Best Ways to Boost Safety? Think Beyond Meetings and Training

Posted on Monday, February 18, 2019

What are the best ways to reduce on-the-job accidents? You may answer conducting safety meetings or providing employees with safety training. Or maybe you think that holding safety contests and implementing incentive programs is the best way to improve safety and create awareness of hazards. These actions are all important but they probably aren't enough.

Here are five safety practices that you may not have considered that can help cut workplace accidents and injuries:

1. Don't ignore near misses or close calls. A near miss or a close call is an occurrence that almost caused, or could have caused, a job-related accident, injury, or death. These incidents often aren't reported or documented. This may happen because employees feel they'll be punished if they admit being involved in an event that nearly caused an accident or injury. 

How do you overcome employees' reluctance to report near misses or close calls? You can use an anonymous reporting system and tell employees that you want to hear about hearing these incidents so you can help prevent them in the future

2. Keep employees satisfied and seek their input. Employees with low job satisfaction are more likely to be injured at work than employees who are highly satisfied with their jobs. To help with this, create a pleasant work environment. Train supervisors to make the workplace a positive place.

3. Make better hiring and employee supervisory decisions. Put the right people in the right jobs. Give employees input into decisions and more control over how they do their jobs. Ask them how they would improve safety. Employees have first-hand knowledge of workplace hazards and  conditions. They can best identify and recommend corrections for injury and illness hazards.

4. Decrease stress. Studies have shown that the more stress that employees experience, the more likely they'll have accidents.

5. Perform a safety self audit. Below is a checklist you can use as a guideline.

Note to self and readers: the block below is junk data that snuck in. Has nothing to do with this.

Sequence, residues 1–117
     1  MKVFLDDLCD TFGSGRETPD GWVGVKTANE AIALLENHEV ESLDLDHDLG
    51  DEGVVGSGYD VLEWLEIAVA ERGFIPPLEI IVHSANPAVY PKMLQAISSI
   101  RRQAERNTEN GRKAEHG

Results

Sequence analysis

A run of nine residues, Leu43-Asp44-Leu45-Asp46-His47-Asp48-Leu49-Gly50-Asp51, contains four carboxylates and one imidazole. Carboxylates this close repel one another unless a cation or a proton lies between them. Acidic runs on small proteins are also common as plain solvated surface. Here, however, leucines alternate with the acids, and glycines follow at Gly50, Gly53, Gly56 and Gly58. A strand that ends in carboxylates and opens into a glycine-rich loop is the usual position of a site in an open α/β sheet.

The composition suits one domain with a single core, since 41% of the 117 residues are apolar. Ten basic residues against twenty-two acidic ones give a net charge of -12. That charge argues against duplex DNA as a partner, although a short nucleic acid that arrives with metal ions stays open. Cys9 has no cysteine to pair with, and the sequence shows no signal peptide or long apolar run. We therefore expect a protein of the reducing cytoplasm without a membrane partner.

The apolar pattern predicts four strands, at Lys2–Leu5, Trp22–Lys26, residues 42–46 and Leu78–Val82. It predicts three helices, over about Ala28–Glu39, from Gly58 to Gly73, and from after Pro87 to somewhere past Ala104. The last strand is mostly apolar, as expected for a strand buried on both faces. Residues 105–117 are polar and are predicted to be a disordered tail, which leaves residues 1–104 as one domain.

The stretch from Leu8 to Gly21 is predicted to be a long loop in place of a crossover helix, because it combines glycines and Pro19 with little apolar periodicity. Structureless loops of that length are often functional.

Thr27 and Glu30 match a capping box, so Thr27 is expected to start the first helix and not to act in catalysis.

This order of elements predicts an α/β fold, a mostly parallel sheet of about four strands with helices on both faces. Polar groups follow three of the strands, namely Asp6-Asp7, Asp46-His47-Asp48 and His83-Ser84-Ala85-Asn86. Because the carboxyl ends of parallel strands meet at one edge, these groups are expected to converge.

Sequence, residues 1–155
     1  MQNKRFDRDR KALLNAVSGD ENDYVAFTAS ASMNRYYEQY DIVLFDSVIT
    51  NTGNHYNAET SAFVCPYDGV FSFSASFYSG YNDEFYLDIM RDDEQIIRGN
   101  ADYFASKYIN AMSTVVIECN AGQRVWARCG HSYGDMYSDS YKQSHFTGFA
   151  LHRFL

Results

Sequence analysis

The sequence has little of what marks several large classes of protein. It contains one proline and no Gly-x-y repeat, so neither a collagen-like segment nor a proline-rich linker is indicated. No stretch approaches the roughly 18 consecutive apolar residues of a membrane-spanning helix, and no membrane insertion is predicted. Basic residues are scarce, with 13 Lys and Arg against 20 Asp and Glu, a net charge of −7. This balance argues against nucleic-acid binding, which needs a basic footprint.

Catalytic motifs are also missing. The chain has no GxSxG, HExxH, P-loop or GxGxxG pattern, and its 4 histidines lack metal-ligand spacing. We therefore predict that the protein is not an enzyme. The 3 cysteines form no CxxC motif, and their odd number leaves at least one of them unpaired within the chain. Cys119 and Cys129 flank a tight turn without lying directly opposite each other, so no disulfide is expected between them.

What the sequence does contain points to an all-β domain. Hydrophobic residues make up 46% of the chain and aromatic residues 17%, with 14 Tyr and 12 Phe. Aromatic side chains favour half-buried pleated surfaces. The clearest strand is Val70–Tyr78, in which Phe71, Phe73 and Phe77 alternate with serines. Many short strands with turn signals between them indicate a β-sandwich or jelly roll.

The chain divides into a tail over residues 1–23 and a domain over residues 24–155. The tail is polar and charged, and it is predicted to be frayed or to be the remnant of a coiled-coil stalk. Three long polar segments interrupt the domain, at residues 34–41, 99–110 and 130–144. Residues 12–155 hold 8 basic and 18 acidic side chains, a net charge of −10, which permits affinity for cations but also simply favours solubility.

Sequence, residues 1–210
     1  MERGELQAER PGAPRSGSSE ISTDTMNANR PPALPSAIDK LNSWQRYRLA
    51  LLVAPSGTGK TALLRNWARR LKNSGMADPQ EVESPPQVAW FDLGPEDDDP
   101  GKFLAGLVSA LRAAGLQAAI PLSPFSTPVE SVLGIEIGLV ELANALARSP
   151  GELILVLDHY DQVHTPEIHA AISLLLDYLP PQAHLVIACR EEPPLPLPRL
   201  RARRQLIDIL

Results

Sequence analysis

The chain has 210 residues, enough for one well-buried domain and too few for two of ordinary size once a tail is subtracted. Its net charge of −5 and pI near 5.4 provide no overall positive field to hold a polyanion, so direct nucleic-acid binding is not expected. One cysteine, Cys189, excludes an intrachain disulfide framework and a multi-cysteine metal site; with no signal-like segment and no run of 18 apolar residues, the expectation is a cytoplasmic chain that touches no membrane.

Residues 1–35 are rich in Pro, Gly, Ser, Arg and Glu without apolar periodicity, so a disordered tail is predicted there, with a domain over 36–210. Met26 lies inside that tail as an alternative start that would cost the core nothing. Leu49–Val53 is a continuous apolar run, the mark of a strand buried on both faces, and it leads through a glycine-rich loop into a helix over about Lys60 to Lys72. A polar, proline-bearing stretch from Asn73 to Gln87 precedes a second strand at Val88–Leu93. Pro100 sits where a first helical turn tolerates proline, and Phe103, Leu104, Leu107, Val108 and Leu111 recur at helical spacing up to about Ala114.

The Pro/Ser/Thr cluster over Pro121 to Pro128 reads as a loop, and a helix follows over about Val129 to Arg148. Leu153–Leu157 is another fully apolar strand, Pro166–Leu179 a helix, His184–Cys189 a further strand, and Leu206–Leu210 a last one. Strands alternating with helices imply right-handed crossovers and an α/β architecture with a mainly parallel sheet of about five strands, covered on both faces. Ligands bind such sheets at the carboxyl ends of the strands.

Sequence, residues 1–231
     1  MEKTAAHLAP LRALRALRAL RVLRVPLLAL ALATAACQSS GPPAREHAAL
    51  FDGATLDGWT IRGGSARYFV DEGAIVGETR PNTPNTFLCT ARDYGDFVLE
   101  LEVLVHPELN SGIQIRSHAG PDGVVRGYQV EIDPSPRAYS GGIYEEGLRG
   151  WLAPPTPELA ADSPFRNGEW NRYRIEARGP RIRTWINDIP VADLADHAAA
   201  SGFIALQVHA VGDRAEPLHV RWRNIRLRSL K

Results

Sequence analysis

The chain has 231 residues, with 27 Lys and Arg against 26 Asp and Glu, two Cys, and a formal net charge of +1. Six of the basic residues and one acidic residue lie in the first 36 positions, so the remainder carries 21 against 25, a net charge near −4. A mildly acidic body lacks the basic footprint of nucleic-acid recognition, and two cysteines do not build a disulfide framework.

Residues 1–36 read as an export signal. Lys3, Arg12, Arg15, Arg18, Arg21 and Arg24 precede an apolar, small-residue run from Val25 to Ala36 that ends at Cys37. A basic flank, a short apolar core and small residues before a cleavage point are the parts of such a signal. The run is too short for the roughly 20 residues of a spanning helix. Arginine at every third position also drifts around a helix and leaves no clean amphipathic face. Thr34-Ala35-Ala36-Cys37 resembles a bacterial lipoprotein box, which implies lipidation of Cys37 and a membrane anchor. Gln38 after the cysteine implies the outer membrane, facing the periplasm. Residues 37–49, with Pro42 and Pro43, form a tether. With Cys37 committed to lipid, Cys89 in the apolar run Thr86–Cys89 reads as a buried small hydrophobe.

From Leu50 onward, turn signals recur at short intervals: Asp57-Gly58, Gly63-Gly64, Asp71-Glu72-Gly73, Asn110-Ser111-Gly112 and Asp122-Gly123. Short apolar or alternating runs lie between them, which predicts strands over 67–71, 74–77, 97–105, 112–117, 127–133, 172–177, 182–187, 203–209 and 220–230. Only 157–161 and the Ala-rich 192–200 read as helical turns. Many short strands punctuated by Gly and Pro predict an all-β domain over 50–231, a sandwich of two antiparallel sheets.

Walk through the work site and examine work conditions. Involve employees in this walk-through. As explained above, ask staff members for input on how to improve safety.

During the walk-through, identify:

Hazards associated with the physical conditions. Examine the structural condition of buildings and the condition of floors, stairs, exits and your fire protection system.
Mechanical hazards. Observe equipment such as machines and forklifts. If this equipment comes fitted with safety guards, note whether the guards are in place and properly adjusted.
Environmental hazards. Check for toxic and corrosive materials and for other environmental hazards. Such hazards might include excessive noise or vibrations, extreme temperatures or unusual lighting conditions. Make note of personal protective equipment that is, or should be, used by employees.
Hazards associated with work practices. Study the use, care and maintenance of hand tools and power tools. These observations are the obvious ones. Other considerations include general housekeeping practices and job training.

Review your ongoing job safety and health programs. What is the status of your safety committees, safety meetings, and in-house safety inspection programs? What is the status of your injury data? Is it up to date?

Prepare a preliminary report. Base your report on the findings of the walk-through. Include the effective practices and conditions...and those that require attention to assure maximum safety for employees. Identify any actual or potential violations of OSHA regulations, especially those that could be labeled "serious violations." Identify any actual situations that OSHA would declare an "imminent danger" to employees, as well as situations that need immediate attention to correct. Assure protection of all exposed employees. Outline a plan and schedule to eliminate or control the hazards.

Confer with top management. Supervisors should meet with top management to review and discuss the report findings and the proposed remedies. Confirm the correction period for any serious conditions discovered in the self-audit.

Write a final report. Redo the report reviewed in the meeting with top management, with changes and corrections resulting from the conference.

Follow through. Make sure that all changes and corrections are made in the agreed time frame for their completion.

Re-audit. After all changes and corrections have been made, do a re-audit from time-to-time to assure that safe working conditions are maintained.

Safety Training

What about the standard answer the question about how to improve safety — giving employees more safety training? Of course, that's valuable and can be effective. But it's not the only way. Unsafe conditions and practices often aren't the result of an employee not knowing how to work safely. Keep in mind that other factors may create hazardous conditions and innovative thinking can help prevent them.

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Disclaimer: The information contained in Dulin, Ward & DeWald’s blog is provided for general educational purposes only and should not be construed as financial or legal advice on any subject matter. Before taking any action based on this information, we strongly encourage you to consult competent legal, accounting or other professional advice about your specific situation. Questions on blog posts may be submitted to your DWD representative.

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